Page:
One of the great bits of serendipity on our two month summer abroad adventure is that we are here, in Moss, to be able to take part in their several day celebration of their 25th year in existence. Paul has taught for ACN as a partner with UND twice before; Spring semester of 2002 and Spring semester of 2015. It was an extremely positive experience each time, and of course we would have desired to attend their festivities. However, had we not actually already been here, we could not have afforded the two round trip airfares and room and board for a short (or long) visit. BUT, here we are, and we were able to attend several events they had planned along with visiting alumni, both students and professors, staff, and, shall I say, dignitaries. 

The staff of ACN had been painstakingly working and planning for this week for a long time. It was obvious in their social media blitz, their decorations, their event programs, down to the toast in the historically significant room in the Konvensjonsgården, where, in 1814, the king of Sweden signed the constitution which transferred Norway from Danish ownership to Swedish ownership. [at this point, I asked Paul, ‘so, how is that beneficial to Norway?’ to which he said, ‘good question’.] But apparently, some terms of the constitution needed to be adhered to in order for Sweden to keep Norway, and in 1905 (yay!!), those terms were not met, so Norway gained her independence!! Thus, we all celebrate the 17th of May (or Syttende Mai). Whew. I didn’t expect to write a treatise on European political history.

Back to the celebratory events. We returned from our little hyttetur (see my previous post) last Thursday, and on Friday, Paul was able to join a bus tour of Moss and, more specifically, the previous locations of the American College of Norway during the past 25 years. There was one previous location on the nearby island of Jeløy in an old group home for the disabled, one was an old mansion which they outgrew rather quickly, one was in the Moss Library building which did not have space for student living quarters, and the present (and, I feel, the best) location is in the building they share with the aforementioned historically significant room in the Konvensjonsgården in the Verket neighborhood.  Since Paul taught in the building on Jeløy in 2002 as well as in the present building, he really enjoyed the tour. Plus, they all stopped at the Alby F 15 Cafe for lunch, so it was even better.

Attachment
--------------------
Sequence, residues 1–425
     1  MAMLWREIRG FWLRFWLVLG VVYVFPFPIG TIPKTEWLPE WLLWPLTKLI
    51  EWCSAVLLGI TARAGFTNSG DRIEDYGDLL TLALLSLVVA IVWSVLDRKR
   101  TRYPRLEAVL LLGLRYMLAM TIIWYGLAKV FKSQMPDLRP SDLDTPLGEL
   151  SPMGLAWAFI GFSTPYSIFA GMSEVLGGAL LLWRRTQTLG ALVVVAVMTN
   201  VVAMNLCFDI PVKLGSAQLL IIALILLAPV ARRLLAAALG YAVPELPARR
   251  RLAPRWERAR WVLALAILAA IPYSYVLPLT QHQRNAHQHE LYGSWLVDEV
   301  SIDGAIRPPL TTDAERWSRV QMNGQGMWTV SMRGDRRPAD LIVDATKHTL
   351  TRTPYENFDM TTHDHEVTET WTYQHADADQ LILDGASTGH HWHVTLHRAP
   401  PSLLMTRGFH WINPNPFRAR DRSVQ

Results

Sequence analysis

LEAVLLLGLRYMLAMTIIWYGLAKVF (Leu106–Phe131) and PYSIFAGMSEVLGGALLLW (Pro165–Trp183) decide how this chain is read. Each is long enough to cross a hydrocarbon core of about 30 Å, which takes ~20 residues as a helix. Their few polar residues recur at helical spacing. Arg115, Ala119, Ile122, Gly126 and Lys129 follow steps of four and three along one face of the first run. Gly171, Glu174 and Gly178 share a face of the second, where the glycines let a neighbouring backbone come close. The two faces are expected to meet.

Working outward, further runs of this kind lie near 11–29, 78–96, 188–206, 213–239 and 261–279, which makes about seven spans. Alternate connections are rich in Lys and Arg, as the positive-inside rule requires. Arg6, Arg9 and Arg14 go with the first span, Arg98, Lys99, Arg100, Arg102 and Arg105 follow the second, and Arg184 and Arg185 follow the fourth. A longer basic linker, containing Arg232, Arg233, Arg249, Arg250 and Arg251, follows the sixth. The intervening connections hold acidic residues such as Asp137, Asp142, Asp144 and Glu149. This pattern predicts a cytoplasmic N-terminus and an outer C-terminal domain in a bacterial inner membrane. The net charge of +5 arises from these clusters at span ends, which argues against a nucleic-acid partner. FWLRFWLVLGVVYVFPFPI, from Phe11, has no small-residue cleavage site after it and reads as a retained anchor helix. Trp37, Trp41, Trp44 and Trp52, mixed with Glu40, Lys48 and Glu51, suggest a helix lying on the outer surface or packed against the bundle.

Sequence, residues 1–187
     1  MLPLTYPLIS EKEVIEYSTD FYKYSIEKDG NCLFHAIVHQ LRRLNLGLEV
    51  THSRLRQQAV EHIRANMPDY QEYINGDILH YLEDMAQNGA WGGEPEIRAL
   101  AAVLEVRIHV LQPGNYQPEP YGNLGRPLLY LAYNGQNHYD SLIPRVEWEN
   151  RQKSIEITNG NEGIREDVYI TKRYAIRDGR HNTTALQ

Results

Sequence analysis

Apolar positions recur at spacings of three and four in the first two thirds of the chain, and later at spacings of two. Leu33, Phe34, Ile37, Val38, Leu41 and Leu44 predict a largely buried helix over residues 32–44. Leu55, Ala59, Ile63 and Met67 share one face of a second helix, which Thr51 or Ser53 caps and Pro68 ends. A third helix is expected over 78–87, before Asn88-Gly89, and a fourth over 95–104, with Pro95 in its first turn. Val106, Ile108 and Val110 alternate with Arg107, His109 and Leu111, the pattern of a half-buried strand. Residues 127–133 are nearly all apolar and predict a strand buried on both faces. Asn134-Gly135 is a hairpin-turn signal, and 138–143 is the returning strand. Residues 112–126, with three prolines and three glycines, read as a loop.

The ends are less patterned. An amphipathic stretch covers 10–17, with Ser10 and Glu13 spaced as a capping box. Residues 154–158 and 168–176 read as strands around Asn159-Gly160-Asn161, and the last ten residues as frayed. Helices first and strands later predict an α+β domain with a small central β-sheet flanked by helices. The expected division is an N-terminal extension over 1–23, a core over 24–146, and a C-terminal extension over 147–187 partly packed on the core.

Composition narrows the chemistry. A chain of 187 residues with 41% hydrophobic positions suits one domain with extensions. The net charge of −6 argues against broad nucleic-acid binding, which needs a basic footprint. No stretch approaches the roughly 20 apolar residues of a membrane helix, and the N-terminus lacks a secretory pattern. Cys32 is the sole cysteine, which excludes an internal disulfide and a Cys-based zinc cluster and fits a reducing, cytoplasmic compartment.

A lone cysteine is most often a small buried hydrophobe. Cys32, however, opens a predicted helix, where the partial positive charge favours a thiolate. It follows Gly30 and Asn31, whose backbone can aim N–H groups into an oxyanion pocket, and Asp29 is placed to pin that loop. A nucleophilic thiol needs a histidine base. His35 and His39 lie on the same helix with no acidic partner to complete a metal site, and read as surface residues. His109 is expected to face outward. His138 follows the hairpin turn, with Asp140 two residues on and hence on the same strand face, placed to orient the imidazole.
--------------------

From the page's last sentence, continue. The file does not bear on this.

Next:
[You may be asking, where was I during this cool bus tour and lunch? Well, I had been previously invited to a friend’s house with some other ladies for coffee and cake. So, I was not just sitting at home alone. ]

 

After we both walked home, arriving within 15 minutes of one another, we were able to drop in on the waffle party open house which ACN was hosting in the dormitory garden area. Meeting up with additional staff I had not met before and previous professors at ACN was great; some of the guests had made a special trip to Norway just for this celebration.  Later, from about 5-7 pm, there was another open house at the school, where a cash bar had been set up (at fabulous prices, I might add. Paul bought two Coke Zeros to go at the end of the evening!), with snacks, a toast, room and time to mingle, great raffle prize opportunities, and some even stayed for pizza afterwards.

 

But, the big event, the finale, was the cocktail hour champagne toast which took place in the ‘room where it happened’ [nod to all my Hamilton-loving friends] followed by a banquet of delicious tapas-type delicacies in a nearby restaurant along a waterfall and river near the old mill area. There were speeches, old friends catching up (oh my, there were about 6 people from the first class in 1992!), a slide show, representation from the US Embassy, representation from the Norwegian Parliament (not to name drop, but he and his wife sat next to us!), and a marzipan cream cake with coffee to finish off the evening!

 

After all this, I am even more enthusiastic about the American College of Norway and our small participation in its work. Here’s to you, ACN, and another 25 years!